1Department of Physiotherapy and Rehabilitation, Institute of Health Sciences, Gazi University, Ankara, Turkey
2Department of Physiotherapy and Rehabilitation, Faculty of Health Sciences, Gazi University, Ankara, Turkey
3Department of General Surgery, Faculty of Medicine, Gazi University, Ankara, Turkey
Aim: To determine the incidence of scapular dyskinesis in breast cancer patients, to compare it with controls, and to investigate the triggering factors, analyzing restriction, pain and function of the shoulder, lymphedema, time after surgery, radiotherapy, chemotherapy, number of removed lymph nodes. Scapular dyskinesis is one of the complications after breast cancer treatment, without a consensual incidence ratio. Only a few studies in literature mention the incidence of scapula alata which is advanced form of scapular dyskinesis in patients with breast cancer, most of which insufficiently assess the required parameters and with discordant results.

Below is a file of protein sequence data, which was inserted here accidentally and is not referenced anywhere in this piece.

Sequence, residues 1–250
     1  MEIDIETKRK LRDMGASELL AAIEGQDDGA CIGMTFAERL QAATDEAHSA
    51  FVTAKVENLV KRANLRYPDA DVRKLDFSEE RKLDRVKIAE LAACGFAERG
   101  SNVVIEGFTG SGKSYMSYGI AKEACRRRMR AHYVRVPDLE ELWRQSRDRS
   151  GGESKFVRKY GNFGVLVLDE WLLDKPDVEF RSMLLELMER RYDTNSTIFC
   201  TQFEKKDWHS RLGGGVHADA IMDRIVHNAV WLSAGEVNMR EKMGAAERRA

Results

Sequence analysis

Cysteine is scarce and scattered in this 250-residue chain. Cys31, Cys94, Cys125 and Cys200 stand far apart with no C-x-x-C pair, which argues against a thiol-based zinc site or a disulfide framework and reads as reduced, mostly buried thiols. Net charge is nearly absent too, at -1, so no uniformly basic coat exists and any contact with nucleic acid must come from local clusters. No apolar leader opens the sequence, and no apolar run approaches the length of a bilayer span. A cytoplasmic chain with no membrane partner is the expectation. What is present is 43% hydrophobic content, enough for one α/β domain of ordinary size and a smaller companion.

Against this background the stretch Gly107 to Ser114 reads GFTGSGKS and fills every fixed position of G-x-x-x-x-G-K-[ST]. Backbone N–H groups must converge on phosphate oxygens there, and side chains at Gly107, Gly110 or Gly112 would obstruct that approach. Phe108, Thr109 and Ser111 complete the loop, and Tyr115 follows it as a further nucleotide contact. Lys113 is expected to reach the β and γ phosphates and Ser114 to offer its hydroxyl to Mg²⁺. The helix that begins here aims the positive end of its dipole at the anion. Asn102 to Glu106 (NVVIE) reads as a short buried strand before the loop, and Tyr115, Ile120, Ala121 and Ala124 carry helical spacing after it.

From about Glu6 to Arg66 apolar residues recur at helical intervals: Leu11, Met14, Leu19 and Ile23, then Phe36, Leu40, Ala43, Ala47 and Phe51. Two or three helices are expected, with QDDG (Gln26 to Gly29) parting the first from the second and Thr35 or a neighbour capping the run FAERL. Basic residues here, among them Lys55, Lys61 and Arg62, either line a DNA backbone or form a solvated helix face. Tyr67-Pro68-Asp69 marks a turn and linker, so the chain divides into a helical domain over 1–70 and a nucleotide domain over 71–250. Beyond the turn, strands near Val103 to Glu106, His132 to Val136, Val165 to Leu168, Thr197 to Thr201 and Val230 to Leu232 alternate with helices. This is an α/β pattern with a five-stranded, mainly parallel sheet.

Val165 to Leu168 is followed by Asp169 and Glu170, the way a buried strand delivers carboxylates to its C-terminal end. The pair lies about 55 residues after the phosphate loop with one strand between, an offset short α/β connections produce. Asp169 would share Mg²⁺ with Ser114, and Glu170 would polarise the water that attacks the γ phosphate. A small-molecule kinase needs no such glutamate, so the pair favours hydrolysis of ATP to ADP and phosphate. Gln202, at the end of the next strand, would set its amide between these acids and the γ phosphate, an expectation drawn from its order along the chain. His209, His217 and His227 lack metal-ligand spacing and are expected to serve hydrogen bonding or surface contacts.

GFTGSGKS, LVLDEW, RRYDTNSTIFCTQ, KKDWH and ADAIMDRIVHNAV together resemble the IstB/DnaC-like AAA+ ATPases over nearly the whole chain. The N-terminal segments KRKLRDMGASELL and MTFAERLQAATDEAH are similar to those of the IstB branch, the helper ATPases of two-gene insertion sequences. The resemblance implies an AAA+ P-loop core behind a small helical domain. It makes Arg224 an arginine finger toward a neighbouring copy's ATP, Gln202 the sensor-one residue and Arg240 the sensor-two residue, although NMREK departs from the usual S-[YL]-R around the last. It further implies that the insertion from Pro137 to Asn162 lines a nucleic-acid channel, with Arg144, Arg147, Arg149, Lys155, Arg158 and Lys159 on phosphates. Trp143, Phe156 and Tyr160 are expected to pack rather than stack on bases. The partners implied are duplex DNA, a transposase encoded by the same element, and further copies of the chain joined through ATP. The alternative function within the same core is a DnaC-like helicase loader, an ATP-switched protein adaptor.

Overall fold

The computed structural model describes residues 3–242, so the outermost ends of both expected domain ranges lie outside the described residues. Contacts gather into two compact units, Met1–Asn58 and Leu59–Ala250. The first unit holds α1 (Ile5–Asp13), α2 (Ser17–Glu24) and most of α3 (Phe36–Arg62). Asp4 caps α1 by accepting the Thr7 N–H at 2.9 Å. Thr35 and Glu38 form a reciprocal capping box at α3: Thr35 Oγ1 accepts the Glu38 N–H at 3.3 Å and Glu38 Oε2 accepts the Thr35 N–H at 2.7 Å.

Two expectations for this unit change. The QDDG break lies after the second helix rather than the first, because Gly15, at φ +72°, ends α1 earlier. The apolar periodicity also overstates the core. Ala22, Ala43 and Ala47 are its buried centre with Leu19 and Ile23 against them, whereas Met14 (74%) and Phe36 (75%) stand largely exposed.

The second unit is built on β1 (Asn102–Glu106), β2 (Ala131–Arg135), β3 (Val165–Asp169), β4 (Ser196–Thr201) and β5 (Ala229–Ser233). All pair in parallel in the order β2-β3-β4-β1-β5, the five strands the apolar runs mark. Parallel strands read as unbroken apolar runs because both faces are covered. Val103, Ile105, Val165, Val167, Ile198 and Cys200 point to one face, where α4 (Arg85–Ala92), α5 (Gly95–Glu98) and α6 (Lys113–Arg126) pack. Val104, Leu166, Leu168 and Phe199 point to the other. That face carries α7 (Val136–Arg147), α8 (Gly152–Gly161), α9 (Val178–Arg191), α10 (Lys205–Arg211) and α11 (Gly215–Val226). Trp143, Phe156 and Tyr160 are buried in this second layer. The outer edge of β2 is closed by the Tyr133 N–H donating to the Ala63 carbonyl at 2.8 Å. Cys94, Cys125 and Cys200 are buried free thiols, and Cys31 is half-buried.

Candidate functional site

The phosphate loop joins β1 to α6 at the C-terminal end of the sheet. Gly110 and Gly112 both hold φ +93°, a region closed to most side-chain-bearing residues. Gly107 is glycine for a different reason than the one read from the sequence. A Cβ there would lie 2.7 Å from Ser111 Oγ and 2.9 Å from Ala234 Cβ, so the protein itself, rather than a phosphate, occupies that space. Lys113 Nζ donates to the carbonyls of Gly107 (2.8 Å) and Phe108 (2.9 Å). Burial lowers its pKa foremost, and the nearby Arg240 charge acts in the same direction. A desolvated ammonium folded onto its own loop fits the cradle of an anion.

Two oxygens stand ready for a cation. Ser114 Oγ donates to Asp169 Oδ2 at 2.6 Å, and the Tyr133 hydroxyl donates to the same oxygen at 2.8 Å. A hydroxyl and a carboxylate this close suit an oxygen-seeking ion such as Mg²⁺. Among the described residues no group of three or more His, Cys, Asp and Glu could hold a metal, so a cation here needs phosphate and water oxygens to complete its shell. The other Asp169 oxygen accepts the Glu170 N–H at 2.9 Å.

Material and Methods: The study sample comprised forty-nine patients who had undergone axillar dissection and forty-nine healthy individuals as controls. Scapular dyskinesis, shoulder mobility, pain, lymphedema and function of shoulder were evaluated with lateral scapular slide test, goniometer, visual analogue scale, circumference measurement and Disabilities of the Arm, Shoulder and Hand Questionnaire, respectively.
Results: The incidence of scapular dyskinesis was 53.06 % in patients with breast cancer and significantly higher than the control group (p= 0.007). None of the parameters investigated have a significant relationship with scapular dyskinesis statistically (p>0.05).
Conclusion: The results indicate that the incidence of scapular dyskinesis is significantly higher in breast cancer therefore it will be beneficial that scapular dyskinesis is included in and thoroughly scrutinized during the clinical assessments; and medical practitioners dealing with breast cancer patients are informed of a potential scapular dyskinesis should need be.
Keywords: Axillar dissection; breast cancer; scapular dyskinesis; winged scapula